Old forests go into weather extremes stronger
In a study by the University of Sustainable Development Eberswalde (D) and Writtle College (UK), the authors used thermodynamic theory to compare forest stands based on different parameters and to draw conclusions about the diversity and resilience of forest ecosystems.
Surface temperatures in stands in the UK, Germany and Ukraine were measured and tested for theories of energy depletion and temperature reduction. Resilient ecosystems have complex structures, high biomass and functional diversity. Forests that exhibited these three properties showed cooler surface temperatures even under extreme weather conditions.
Keep the cool
If a disturbance occurs in a forest, the complexity of its structures and functional networks is reduced, thus reducing the system’s ability to dissipate energy. This leads to higher surface temperatures, because the incident solar energy is less attenuated, as well as to impairment of ecosystem services and reduced ecosystem resilience.
The authors of the study conclude that old forests have lower surface temperatures than plantations of native tree species. Lower temperatures were observed in European primeval forests with high biomass shares than in managed stands of the same species composition. The difference became particularly clear with rising temperatures, as it is also expected in climate change.
Furthermore, the study concludes that primeval forests develop into competitive and stress-tolerant communities during their life cycle. In contrast, intensively managed forests have a higher proportion of generalists (species that are less specialised in terms of their environmental requirements) and species that are characteristic of heavily human-influenced forest communities.
From the study results it is concluded that conservation practices and management policies that preserve the complexity of stands can make an important contribution to climate protection, as such systems mitigate the effects of extreme temperatures and also improve climate regulation, primary production and water retention. They therefore assign primeval forests an important climate protection function.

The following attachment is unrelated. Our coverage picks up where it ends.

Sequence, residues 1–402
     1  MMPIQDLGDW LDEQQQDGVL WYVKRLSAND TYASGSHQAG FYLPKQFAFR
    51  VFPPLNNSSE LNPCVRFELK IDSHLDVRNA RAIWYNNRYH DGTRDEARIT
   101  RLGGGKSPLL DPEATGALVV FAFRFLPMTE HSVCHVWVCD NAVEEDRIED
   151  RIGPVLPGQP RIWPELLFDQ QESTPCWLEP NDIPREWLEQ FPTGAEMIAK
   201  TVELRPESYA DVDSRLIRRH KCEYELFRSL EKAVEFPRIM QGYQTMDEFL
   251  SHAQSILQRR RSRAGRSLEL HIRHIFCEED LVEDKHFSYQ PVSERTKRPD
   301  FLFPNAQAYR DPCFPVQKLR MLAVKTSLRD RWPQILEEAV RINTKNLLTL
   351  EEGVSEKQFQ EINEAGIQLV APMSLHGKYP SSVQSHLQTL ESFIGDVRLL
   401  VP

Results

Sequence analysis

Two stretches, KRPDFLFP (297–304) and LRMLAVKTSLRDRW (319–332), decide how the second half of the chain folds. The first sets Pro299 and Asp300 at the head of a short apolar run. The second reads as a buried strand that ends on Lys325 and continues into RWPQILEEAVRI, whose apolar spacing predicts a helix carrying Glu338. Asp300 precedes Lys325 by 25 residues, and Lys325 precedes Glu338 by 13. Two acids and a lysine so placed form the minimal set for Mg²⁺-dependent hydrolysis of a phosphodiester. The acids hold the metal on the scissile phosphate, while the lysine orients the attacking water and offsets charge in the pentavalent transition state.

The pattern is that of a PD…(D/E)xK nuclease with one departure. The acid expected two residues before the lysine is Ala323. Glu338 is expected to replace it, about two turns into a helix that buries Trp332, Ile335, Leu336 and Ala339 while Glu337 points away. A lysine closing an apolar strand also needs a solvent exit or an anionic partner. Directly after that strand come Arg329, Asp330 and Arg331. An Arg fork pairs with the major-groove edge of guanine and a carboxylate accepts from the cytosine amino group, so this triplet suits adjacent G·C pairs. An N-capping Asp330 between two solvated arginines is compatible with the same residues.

The study by Norris et al. is one of a list of publications that emphasize the importance of old forests and especially of the last remaining primeval forests. Climate change and the associated more frequent and more severe weather extremes are already warning us to see forests not only as CO2-binders but also as complex systems to which we owe further ecosystem services and which are crucial for the preservation of the biodiversity of our natural areas. The cooling effect of old forests in particular benefits the surrounding landscape as well as urban areas close to forests. Long periods of drought can be better survived because such forest ecosystems retain more water, and the risk of forest fire is also greatly reduced in such near-natural systems. Investing in the preservation of old forests and the creation of future virgin forests means increasing the stress tolerance of our future ecosystems.